Michigan’s former governor, Rick Snyder, as well as several other former officials have been informed that charges will be filed against them following a probe into the Flint water crisis.
According to the Associated Press, the state attorney general’s office has informed defense attorneys about the pending charges, and initial court appearances are expected to happen sooner rather than later. I’m using “sooner” in relative terms here as Flint has been in crisis for the last seven years. In addition to Snyder, charges are also set to be filed against Nick Lyon, the former director of Michigan’s health department, as well as several others.
While it’s still unclear what exactly they’re being charged with, Courtney Covington Watkins, a spokeswoman for the attorney general’s office, told AP that the office “will share more as soon as we’re in a position to do so.”
So why might several former officials be charged for their role in basically poisoning a predominantly Black city’s entire water supply?
Snyder, a Republican who has been out of office for two years, was governor when state-appointed managers in Flint switched the city’s water to the Flint River in 2014 as a cost-saving step while a pipeline was being built to Lake Huron. The water, however, was not treated to reduce corrosion — a disastrous decision affirmed by state regulators that caused lead to leach from old pipes and spoil the distribution system used by nearly 100,000 residents.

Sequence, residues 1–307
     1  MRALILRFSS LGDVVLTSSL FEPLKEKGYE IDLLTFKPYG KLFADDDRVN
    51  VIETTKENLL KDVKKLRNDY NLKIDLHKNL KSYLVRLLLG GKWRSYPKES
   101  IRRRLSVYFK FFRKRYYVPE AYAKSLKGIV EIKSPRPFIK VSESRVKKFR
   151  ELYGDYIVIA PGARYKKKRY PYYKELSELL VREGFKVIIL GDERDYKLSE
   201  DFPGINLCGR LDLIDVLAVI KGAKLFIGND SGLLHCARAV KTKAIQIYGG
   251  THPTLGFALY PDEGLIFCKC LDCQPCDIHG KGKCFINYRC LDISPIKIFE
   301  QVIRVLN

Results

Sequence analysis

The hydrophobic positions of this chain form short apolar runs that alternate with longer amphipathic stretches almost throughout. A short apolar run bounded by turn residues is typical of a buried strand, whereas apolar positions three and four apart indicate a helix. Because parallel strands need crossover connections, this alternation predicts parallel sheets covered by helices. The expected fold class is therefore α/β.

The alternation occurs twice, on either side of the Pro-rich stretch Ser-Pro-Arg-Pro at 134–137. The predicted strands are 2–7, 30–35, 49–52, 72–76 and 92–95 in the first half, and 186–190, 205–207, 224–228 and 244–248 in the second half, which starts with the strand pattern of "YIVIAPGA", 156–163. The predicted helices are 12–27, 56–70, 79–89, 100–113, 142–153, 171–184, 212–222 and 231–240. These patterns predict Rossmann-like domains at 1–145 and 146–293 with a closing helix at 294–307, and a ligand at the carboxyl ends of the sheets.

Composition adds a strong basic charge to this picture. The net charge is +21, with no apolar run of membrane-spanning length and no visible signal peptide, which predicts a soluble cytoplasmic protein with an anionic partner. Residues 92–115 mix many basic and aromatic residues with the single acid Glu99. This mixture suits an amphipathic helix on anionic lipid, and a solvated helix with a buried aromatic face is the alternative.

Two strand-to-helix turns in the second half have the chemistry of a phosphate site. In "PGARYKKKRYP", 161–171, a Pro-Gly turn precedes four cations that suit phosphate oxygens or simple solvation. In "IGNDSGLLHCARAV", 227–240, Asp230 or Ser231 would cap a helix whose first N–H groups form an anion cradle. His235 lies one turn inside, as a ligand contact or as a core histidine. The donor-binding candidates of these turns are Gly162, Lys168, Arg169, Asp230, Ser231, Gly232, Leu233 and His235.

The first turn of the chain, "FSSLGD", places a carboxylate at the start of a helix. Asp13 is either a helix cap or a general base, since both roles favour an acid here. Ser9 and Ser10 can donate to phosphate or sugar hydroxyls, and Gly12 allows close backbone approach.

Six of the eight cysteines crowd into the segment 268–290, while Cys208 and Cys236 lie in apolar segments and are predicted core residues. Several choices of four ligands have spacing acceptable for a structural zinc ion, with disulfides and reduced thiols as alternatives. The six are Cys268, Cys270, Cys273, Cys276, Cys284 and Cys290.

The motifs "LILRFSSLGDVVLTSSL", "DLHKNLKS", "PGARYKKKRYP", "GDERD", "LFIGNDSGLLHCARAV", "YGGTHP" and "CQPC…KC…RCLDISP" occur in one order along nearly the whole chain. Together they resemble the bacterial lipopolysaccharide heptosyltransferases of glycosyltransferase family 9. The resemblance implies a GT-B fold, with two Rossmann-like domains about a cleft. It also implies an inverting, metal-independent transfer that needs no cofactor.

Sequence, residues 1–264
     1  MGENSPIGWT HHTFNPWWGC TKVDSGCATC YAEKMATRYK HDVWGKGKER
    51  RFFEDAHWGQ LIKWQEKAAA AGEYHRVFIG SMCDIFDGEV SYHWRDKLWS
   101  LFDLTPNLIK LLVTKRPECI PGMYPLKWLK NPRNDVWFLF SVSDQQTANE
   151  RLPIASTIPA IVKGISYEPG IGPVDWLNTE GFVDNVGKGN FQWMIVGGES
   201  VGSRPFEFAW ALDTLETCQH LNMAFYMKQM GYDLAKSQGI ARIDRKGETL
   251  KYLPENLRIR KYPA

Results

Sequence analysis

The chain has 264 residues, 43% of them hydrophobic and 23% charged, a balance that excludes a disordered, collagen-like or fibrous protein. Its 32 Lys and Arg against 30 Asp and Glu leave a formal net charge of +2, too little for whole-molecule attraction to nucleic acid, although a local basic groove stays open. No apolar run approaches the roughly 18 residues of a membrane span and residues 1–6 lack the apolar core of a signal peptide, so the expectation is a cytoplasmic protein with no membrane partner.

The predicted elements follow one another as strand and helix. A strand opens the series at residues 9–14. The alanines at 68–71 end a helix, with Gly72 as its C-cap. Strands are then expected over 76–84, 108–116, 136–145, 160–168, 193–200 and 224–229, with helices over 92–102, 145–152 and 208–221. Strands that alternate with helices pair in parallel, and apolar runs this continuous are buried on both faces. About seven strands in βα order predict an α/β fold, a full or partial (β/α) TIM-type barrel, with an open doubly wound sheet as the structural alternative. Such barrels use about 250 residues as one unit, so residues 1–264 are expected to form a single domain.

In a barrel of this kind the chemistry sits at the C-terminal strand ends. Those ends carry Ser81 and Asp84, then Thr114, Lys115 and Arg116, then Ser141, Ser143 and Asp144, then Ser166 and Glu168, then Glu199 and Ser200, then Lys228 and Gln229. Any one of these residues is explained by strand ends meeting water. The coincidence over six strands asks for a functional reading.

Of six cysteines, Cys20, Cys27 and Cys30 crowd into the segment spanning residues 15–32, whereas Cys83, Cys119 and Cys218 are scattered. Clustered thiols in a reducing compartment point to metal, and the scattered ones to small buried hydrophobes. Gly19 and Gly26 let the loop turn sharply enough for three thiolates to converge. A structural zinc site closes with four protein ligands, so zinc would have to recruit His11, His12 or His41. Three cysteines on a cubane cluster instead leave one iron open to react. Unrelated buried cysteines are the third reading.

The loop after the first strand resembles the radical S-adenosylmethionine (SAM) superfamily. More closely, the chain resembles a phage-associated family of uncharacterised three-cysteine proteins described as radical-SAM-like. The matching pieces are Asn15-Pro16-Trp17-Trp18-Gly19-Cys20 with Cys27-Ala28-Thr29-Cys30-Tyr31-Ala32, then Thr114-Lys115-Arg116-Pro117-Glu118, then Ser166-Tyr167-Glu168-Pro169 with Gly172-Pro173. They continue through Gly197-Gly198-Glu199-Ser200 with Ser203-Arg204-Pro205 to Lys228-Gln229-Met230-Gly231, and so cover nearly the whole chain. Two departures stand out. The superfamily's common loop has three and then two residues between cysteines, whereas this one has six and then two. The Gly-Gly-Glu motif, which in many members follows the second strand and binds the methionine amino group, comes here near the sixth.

The disaster made Flint a nationwide symbol of governmental mismanagement, with residents lining up for bottled water and parents fearing that their children had suffered permanent harm. The crisis was highlighted as an example of environmental injustice and racism.
At the same time, bacteria in the water was blamed for an outbreak of Legionnaires’. Legionella bacteria can emerge through misting and cooling systems, triggering a severe form of pneumonia, especially in people with weakened immune systems. Authorities counted at least 90 cases in Genesee County, including 12 deaths.
The outbreak was announced by Snyder and Lyon in January 2016, although Lyon conceded that he knew that cases were being reported many months earlier.
Charges being filed against these incompetent fools shouldn’t be that surprising, but after a lifetime of seeing white men do whatever they want with zero consequence, I must admit, I’m pretty surprised.
Lyon had previously stood trial in 2018 on involuntary manslaughter charges after a special prosecutor had accused Lyon of warning Flint residents far too late about the outbreak of Legionnaires’ disease. Those charges wound up being dismissed without prejudice, meaning they could be refiled in the future.
The dismissal came in 2019 when the newly appointed attorney general, Dana Nessel, dismissed all criminal charges related to the then-ongoing investigation, opting to launch a new probe instead. AP notes that this decision had no bearing on the seven people who had already pleaded no contest to misdemeanors related to the previous investigation.